Putting Rudolph Back on the Air

Rep. Anna Eshoo, D-Calif. (left)
National Journal
Alex Brown
Dec. 12, 2013, 12:51 p.m.

If TV black­outs are cost­ing you your chance to watch Mir­acle on 34th Street, Rep. Anna Eshoo thinks you’ll like her latest bill. Not to be out­done, Rep. Steve Scal­ise, R-La., is of­fer­ing his own plan to end black­outs.

The Video CHOICE Act, in­tro­duced Thursday by Cali­for­nia Demo­crats Eshoo and Rep. Zoe Lof­gren, aims to re­form re­trans­mis­sion con­sent policy — which has been a sub­ject of heated dis­cus­sion between broad­casters and pay TV pro­viders. Scal­ise’s bill, also mak­ing its de­but Thursday, would elim­in­ate re­trans­mis­sion con­sent al­to­geth­er.

Cur­rently, cable and satel­lite com­pan­ies are re­quired to ne­go­ti­ate peri­od­ic­ally with broad­cast af­fil­i­ates to de­term­ine how much they will pay to carry their pro­gram­ming. When the sides can’t agree on pri­cing, the pro­vider loses the sta­tion and its sub­scribers get left in the dark.

Broad­casters say most black­outs are caused by pay TV pro­viders un­will­ing to pay a fair price. Cable and satel­lite com­pan­ies say the broad­casters are jack­ing up fees and re­form is needed.

For ex­ample, many DISH Net­work sub­scribers in Montana won’t be able to watch NBC’s Christ­mas Eve broad­cast of It’s A Won­der­ful Life un­less Bon­ten Me­dia Group re­solves its dis­pute with the pro­vider.

Eshoo says her bill would change that. It would give the Fed­er­al Com­mu­nic­a­tions Com­mis­sion the abil­ity to keep sta­tions on the air even if ne­go­ti­ations are stalled. The bill would also al­low pro­viders to of­fer cable chan­nels without for­cing cus­tom­ers to sub­scribe to broad­cast pack­ages as well.

“My bill would put an end to broad­cast tele­vi­sion black­outs and en­sure con­sumers aren’t held host­age by a dis­pute they have no con­trol over,” Eshoo said in a re­lease. She also said she would work with Scal­ise on ad­dress­ing broad­cast policies.

The Na­tion­al As­so­ci­ation of Broad­casters quickly voiced its op­pos­i­tion. “Clearly, these two pieces of le­gis­la­tion are ut­terly in­con­sist­ent with each oth­er, and we find it sad that pay TV com­pan­ies who built their broad­band, voice and video busi­nesses on the backs of loc­al TV sig­nals now balk at the no­tion of pay­ing a fair mar­ket rate for the most-watched pro­gram­ming on tele­vi­sion,” the group said in a re­lease.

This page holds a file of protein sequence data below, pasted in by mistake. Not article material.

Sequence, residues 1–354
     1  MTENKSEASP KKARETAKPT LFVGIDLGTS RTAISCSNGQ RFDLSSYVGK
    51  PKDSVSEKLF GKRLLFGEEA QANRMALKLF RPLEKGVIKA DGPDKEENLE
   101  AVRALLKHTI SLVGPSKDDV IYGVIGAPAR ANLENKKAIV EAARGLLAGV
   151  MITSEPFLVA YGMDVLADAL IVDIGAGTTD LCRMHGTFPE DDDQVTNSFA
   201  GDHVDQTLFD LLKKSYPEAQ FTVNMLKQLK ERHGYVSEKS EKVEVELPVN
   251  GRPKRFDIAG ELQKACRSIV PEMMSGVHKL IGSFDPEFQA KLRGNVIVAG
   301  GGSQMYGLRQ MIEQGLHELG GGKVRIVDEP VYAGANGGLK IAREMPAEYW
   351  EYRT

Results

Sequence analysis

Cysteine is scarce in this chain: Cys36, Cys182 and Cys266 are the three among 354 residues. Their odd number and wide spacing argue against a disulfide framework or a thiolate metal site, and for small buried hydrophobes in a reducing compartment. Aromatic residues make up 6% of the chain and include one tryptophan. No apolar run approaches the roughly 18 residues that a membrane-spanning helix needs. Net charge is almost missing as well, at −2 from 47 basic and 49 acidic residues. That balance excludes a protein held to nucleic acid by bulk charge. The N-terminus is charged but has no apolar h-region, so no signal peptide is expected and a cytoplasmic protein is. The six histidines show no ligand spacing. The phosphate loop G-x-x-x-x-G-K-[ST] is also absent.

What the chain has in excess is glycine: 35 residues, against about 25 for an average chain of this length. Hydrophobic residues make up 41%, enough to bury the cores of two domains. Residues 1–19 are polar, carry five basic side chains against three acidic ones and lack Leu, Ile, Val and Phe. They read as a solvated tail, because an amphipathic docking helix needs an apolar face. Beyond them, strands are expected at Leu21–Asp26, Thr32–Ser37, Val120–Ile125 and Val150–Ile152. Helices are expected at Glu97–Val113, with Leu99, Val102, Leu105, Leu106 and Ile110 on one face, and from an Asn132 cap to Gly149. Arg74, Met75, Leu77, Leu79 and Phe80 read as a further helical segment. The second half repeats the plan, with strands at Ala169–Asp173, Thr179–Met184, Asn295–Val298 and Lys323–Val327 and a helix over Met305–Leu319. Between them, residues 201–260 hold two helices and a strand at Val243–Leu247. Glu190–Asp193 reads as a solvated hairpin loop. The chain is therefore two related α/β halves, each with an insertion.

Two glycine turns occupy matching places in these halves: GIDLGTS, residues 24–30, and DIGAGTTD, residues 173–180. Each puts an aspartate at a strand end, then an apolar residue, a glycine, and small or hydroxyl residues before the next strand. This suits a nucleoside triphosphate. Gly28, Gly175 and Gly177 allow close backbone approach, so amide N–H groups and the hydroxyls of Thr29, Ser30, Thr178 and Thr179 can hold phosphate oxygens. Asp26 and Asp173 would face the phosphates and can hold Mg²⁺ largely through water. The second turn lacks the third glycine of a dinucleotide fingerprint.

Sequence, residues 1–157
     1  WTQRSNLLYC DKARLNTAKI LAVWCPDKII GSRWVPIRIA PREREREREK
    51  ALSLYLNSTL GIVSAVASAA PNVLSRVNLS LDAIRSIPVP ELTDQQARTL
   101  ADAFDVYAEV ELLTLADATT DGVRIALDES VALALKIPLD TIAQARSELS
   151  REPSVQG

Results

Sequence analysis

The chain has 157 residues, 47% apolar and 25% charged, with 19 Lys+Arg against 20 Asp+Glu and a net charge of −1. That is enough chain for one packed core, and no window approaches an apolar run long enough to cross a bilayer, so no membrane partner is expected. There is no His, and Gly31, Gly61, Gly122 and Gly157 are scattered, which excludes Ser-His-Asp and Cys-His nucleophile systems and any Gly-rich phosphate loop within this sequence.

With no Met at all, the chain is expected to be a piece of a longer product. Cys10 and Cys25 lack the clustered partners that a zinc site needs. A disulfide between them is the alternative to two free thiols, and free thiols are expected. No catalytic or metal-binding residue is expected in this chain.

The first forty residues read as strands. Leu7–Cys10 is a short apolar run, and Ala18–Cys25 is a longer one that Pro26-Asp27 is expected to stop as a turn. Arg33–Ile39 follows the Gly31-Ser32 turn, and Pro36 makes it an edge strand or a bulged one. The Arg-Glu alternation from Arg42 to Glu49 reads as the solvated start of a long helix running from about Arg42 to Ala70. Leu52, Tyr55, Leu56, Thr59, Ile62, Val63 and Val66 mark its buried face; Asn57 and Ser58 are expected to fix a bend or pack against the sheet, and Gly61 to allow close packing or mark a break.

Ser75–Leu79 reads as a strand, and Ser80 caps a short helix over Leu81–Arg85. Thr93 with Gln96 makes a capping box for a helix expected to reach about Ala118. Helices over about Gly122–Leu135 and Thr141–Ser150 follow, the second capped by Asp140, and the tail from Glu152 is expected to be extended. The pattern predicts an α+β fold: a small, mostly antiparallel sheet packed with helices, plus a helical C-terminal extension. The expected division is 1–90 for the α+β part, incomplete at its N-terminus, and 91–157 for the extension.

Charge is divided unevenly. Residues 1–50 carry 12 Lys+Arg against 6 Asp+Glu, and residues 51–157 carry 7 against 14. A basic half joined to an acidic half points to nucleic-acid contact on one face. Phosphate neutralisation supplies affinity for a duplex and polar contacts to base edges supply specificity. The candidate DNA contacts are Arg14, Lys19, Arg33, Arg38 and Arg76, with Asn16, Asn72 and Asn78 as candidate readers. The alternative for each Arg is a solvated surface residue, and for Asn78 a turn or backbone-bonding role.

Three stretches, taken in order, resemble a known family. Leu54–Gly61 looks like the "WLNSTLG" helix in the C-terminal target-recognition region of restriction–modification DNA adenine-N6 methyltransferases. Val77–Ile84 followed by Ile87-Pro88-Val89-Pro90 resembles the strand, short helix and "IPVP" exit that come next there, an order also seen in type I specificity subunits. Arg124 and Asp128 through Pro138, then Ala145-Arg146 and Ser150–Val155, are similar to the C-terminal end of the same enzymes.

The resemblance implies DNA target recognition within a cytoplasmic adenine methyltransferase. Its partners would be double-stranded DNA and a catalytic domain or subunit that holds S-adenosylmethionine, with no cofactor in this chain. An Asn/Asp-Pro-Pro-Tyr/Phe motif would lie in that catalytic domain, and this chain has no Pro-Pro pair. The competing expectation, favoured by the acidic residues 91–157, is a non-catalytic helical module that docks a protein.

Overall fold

On the oth­er side of the is­sue, a co­ali­tion of pay TV pro­viders hailed both mem­bers’ ef­forts. “[Both bills] would re­form the cur­rent video mar­ket and pro­tect con­sumers,” said a state­ment from the Amer­ic­an Tele­vi­sion Al­li­ance. “While the bills re­flect dif­fer­ent ap­proaches to re­form, they show the ever-grow­ing bi­par­tis­an sup­port for im­me­di­ate ac­tion to fix re­trans­mis­sion con­sent.”

What We're Following See More »
STAFF PICKS
When It Comes to Mining Asteroids, Technology Is Only the First Problem
1 days ago
WHY WE CARE

Foreign Policy takes a look at the future of mining the estimated "100,000 near-Earth objects—including asteroids and comets—in the neighborhood of our planet. Some of these NEOs, as they’re called, are small. Others are substantial and potentially packed full of water and various important minerals, such as nickel, cobalt, and iron. One day, advocates believe, those objects will be tapped by variations on the equipment used in the coal mines of Kentucky or in the diamond mines of Africa. And for immense gain: According to industry experts, the contents of a single asteroid could be worth trillions of dollars." But the technology to get us there is only the first step. Experts say "a multinational body might emerge" to manage rights to NEOs, as well as a body of law, including an international court.